Many countries allow international students to make the most of their time abroad by taking a job. They understand that earning while learning, getting in touch with the culture, growing your network or even developing a portfolio or resume with a first professional job overseas can be a decisive factor while searching for international destinations.
But job-hunting as an international student can be difficult, as employers may be unaware of cultural differences and visa requirements. That’s why we have prepared this guide with recommendations from our students and experts:
- Rules and regulations:
Keep a track of rules and regulations that affect your employment status in the country you have chosen. While countries like Canada, Ireland, Australia or England allows to work up to 20 hours maximum per week during term-time and full-time during holiday breaks, other countries may have different conditions.
Talk to your education expert to be aware of your work entitlement and limitations. They will also be able to help you understand any other paperwork required to start working.
2. Reframe your resume for your new country:
This may sound obvious, but did you know that the way we present ourselves in a resume can change from one country to the other?
For example, while some countries prefer resumes with photos and age, in others with more rigid discrimination laws this is not something you should include.
You expert will be able to give you some advice to polish your CV according to your destination.
3. Use your college/university resources:
Many campuses offer career services for international students. Have a meeting with your coach to get advice on companies potentially interested in people with your profile, how to improve your resume to make it more appealing and to get informed about their career fairs or the recruitment agencies nearby.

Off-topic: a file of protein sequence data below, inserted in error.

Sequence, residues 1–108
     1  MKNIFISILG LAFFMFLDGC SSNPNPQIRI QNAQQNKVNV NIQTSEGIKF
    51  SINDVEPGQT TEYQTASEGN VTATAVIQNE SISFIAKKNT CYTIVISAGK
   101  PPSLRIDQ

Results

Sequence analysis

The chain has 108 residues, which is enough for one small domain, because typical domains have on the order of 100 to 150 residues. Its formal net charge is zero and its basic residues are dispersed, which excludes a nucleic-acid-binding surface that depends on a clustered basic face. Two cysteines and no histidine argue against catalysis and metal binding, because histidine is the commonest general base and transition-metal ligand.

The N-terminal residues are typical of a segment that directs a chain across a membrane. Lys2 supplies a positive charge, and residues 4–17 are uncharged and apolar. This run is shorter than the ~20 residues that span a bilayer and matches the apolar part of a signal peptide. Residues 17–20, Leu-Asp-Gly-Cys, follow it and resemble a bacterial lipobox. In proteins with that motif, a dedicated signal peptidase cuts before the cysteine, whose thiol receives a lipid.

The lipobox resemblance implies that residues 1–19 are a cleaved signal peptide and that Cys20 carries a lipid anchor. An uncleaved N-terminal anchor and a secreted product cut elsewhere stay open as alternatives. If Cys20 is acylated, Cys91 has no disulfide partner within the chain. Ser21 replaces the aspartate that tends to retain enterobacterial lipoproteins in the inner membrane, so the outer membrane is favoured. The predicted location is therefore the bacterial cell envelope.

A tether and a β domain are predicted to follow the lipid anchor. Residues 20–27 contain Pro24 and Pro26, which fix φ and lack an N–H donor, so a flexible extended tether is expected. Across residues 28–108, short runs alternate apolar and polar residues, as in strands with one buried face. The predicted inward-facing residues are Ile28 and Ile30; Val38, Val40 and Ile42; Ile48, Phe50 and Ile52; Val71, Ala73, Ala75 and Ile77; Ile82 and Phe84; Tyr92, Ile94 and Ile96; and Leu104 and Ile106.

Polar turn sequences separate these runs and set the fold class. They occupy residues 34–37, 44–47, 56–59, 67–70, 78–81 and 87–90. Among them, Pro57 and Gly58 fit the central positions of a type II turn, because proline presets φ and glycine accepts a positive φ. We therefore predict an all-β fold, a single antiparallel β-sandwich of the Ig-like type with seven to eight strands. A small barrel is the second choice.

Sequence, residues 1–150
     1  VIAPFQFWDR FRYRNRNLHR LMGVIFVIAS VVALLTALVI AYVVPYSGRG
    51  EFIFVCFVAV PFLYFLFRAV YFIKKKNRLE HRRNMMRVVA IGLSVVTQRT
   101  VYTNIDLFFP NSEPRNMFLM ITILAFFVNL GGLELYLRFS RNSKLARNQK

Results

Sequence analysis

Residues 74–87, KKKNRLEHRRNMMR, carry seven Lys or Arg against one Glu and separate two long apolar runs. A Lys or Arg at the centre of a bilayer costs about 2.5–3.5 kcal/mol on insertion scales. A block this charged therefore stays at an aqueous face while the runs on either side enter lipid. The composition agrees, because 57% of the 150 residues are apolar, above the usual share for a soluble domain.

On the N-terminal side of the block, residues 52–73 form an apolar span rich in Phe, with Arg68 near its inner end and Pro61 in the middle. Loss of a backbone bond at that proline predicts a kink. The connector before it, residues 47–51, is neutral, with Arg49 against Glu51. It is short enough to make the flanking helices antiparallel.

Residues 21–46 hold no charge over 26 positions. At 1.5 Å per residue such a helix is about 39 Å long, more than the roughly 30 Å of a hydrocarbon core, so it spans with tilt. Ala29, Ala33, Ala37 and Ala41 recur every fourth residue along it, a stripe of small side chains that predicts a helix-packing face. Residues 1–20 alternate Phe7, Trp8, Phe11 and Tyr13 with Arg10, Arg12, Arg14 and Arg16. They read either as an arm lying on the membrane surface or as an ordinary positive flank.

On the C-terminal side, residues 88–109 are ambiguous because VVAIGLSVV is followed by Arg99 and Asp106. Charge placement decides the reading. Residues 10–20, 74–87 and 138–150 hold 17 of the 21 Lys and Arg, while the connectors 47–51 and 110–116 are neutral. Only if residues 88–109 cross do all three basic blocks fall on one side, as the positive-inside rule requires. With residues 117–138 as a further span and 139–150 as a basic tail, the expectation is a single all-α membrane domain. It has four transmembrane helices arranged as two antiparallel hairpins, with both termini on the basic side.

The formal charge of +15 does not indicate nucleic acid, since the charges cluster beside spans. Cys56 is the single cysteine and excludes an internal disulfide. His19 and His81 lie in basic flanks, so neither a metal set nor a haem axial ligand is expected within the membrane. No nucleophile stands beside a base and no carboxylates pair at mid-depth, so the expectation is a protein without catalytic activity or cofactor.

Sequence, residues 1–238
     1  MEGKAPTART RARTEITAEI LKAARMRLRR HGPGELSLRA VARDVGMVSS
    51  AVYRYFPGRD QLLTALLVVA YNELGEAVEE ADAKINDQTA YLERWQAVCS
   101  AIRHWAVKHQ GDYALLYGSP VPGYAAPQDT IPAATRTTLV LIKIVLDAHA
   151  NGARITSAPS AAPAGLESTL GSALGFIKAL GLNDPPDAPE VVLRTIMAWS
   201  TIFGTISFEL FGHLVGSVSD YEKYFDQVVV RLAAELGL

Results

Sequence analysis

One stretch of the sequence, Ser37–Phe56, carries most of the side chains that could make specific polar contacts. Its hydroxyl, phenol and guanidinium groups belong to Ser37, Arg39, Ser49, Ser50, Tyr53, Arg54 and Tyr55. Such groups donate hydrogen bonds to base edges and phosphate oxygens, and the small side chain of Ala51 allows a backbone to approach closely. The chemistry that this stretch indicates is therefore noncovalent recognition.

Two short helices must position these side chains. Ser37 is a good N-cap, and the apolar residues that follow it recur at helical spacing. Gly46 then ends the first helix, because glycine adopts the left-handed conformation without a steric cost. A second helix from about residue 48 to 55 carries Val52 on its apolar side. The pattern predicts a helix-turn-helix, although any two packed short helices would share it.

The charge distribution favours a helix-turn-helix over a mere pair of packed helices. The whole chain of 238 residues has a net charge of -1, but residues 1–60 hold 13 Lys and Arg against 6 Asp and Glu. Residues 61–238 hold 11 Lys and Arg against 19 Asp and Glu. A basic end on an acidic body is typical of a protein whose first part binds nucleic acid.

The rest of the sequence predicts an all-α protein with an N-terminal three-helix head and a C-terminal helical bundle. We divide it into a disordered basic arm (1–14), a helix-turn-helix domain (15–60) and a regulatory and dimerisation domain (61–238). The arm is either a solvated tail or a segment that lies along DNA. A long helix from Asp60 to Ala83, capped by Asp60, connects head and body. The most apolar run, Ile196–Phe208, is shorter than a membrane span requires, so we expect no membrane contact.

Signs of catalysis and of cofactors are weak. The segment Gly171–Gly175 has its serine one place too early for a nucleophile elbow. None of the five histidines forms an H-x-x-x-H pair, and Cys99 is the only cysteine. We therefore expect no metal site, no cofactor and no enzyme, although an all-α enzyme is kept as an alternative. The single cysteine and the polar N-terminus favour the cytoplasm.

4. Boost your employability:
Many companies will ask for professional references, however, they are not willing to call companies overseas. Finding a job as a volunteer or intern will help international students get some hands-on experience in the field they’re interested and can also lead to a local recommendation letter.
5. Attend events and grow your network:
Growing your network is a key factor to enhance your possibilities to work.
Attending events like the Startup Weekend will help you meet like-minded people, passionate about their careers or looking for starting a new enterprise. By having the opportunity to show them what you’re capable of, you will potentially find more opportunities.
Apps like Meetup will help you meet people with similar interest, both in your professional life as for entertainment.
6. Use your entrepreneurial skills:
Several employers value the Entrepreneurial skills that a potential employee has. If you are struggling to find an opportunity that suits your needs, then create it.
Some of our Sofiri students have successfully run language and dancing classes or provided services as freelancers.
7. Be online:
Use job-search sites, connect with people in your industry via LinkedIn and advertise your qualifications, achievements and experience, join Facebook groups related to your industry (there are always groups like “Small Business Network in (city)-.
Do you want to take the first step and talk with an expert about your possibilities to earn while you learn in an international destination?
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